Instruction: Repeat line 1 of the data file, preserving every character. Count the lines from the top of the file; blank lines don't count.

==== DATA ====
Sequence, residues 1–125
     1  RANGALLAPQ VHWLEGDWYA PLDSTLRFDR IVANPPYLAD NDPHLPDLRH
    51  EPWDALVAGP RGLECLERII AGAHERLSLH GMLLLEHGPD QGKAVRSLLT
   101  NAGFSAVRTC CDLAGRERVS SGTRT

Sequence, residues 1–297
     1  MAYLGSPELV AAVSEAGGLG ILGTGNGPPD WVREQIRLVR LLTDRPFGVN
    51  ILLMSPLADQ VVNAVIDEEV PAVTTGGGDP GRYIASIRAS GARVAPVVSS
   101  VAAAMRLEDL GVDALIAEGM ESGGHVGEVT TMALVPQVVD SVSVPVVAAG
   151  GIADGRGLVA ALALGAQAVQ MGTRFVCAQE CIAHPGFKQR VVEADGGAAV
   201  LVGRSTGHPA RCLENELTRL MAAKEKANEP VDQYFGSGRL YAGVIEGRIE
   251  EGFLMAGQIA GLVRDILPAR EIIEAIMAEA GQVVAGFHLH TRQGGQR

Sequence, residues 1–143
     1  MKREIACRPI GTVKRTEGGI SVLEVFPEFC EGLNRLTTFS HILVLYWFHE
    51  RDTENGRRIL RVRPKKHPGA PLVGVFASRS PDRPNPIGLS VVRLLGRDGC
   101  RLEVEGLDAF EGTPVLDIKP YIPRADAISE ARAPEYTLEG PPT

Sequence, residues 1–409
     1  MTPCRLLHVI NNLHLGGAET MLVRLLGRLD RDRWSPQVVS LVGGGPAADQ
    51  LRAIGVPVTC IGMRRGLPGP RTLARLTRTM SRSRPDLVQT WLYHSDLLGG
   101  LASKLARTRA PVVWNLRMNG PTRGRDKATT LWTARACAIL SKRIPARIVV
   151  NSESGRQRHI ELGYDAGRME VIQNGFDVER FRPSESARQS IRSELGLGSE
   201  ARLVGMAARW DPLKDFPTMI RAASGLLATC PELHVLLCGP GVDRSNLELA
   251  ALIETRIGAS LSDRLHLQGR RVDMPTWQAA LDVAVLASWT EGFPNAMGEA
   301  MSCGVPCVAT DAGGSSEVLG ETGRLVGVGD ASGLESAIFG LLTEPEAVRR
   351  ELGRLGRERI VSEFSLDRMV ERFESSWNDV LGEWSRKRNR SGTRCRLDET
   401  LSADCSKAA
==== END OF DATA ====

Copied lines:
Sequence, residues 1–125